Last in our series of articles on social marketing for B2B vs. B2C is Enews.
People who purchase smart phones have a variety of reasons why they buy a smartphone but the important one for this article is that 78% of people use it to check email. 1 By 2017, the percent of smartphone users is expected to reach 68 percent. 2 More email is read Mobile than on a desktop email client. Stats say 47% of email is now opened on a mobile device Litmus –”Email Analytics” (April 2014) So what do all of these things tell you?
For a long time, email newsletters had gone out of vogue. Nobody was reading them because they were inundated with emails of all types. With the onset of Facebook, G+ and Twitter, people had other ways to communicate. Now that means that emails might have a “meatier” purpose.
While some might argue that emails aren’t social media, you can share links to your e-news on social media. It is a great way to share a number of items from a variety of areas in one platform, sort of like a “Best of” compilation. AND, as the statistics show, your subscribers are more likely to read them now from their mobile device. That means that you must ensure that they are reactive to any email platform.
Share offers, news, product information, links to blog articles, places you are exhibiting or speaking, and workshops you are offering. This is also a great way to promote any partnership efforts – for example, one of your clients is offering a product or service that might be valuable to your customers. My suggestion is at least once a month or someone may forget that they subscribed and overlook your newsletter.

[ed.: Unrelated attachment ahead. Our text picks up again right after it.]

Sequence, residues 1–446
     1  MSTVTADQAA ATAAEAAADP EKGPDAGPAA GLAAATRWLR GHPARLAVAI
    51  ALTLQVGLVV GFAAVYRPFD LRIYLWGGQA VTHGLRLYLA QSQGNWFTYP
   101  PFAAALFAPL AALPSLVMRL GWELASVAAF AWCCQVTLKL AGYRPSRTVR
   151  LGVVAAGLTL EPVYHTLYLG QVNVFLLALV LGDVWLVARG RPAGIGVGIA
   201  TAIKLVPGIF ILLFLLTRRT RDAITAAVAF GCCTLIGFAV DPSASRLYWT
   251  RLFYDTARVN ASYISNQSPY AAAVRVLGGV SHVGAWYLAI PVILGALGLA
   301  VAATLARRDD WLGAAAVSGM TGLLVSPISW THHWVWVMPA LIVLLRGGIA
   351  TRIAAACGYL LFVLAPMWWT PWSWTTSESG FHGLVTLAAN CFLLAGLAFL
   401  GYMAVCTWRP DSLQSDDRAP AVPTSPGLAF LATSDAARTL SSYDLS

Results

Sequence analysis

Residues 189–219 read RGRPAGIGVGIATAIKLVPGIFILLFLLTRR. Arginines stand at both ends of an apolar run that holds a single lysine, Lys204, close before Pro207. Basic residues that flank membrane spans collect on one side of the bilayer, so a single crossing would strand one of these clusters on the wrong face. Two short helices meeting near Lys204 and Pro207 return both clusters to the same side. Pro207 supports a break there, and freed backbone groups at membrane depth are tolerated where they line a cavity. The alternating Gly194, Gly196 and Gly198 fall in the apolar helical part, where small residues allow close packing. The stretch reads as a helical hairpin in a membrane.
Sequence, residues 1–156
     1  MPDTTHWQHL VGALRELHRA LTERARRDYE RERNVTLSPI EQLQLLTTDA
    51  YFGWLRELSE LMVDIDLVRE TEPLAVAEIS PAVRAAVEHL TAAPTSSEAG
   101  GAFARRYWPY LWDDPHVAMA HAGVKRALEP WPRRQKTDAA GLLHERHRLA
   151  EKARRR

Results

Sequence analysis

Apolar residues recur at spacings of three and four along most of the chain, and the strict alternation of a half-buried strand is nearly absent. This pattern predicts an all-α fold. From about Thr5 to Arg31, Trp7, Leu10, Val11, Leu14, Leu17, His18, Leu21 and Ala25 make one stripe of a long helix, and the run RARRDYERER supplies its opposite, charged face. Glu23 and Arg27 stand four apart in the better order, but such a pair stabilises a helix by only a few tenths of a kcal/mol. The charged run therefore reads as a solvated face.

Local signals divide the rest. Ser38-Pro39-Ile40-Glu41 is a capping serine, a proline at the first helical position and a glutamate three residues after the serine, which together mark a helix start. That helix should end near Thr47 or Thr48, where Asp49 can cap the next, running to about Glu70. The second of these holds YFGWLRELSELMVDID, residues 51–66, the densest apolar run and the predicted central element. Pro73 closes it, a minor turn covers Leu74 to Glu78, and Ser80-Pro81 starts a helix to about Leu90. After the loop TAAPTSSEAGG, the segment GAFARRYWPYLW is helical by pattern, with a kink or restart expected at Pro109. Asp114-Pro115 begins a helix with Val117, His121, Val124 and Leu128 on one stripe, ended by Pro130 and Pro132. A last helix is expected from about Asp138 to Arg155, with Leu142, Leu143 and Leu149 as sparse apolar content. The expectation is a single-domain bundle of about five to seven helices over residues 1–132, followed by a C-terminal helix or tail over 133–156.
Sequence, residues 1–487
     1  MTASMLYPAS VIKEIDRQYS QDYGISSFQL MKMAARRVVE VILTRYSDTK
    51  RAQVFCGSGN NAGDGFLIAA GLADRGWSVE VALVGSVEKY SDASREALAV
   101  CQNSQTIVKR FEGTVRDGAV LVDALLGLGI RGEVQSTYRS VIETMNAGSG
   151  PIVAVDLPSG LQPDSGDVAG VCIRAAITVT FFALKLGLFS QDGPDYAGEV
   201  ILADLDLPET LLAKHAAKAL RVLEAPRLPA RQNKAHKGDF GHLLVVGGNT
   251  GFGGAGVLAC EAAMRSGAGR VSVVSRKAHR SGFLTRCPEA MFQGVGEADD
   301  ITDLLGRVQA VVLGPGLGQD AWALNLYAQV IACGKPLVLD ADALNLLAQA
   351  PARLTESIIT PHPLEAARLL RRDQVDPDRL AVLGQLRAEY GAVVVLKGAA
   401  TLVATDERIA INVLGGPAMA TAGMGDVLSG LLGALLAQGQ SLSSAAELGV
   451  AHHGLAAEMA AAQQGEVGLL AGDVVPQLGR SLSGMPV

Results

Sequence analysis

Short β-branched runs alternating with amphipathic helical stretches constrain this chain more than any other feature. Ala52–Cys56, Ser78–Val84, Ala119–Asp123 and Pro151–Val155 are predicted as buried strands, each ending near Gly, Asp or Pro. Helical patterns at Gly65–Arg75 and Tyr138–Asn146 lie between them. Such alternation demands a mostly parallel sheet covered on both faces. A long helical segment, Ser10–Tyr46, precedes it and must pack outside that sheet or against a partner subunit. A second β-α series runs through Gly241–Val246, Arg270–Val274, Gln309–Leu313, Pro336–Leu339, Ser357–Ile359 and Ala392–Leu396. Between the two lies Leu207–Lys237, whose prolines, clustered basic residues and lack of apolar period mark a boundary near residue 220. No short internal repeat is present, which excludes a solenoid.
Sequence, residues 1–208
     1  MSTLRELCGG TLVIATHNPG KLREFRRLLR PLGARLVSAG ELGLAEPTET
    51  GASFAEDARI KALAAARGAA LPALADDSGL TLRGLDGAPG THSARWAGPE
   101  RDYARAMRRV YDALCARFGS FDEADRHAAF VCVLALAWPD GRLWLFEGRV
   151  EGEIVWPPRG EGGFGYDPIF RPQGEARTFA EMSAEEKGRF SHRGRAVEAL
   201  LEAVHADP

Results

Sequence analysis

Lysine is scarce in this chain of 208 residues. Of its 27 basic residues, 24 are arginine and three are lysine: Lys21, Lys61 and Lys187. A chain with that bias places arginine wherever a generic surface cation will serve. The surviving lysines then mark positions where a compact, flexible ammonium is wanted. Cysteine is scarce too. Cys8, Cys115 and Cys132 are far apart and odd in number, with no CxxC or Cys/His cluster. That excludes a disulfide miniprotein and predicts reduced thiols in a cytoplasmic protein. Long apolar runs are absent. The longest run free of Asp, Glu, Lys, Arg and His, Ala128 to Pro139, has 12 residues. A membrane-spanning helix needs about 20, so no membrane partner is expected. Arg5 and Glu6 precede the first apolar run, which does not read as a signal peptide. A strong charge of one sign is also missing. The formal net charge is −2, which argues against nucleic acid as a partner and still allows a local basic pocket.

Share offers, upcoming new features, community news, helpful tips related to your industry, how-tos, links to your blog, coupons, pictures of happy customers, and more. One warning to B2C is regulate the number of times you send an email to avoid overloading your subscribers in-box. You don’t want to cause someone to unsubscribe because you are oversharing.
For both B2B and B2C, it is important to time your enews to avoid being overlooked. One article I read said Sunday afternoon. 3 Others will tell you more emails are sent during the week than on weekends, with Tuesday and Thursday being the highest volume days. Changing which day you send your emails may improve your open and click rates. 4 No matter what, do some testing on times and then check your statistics to find out when your subscribers open your emails the most.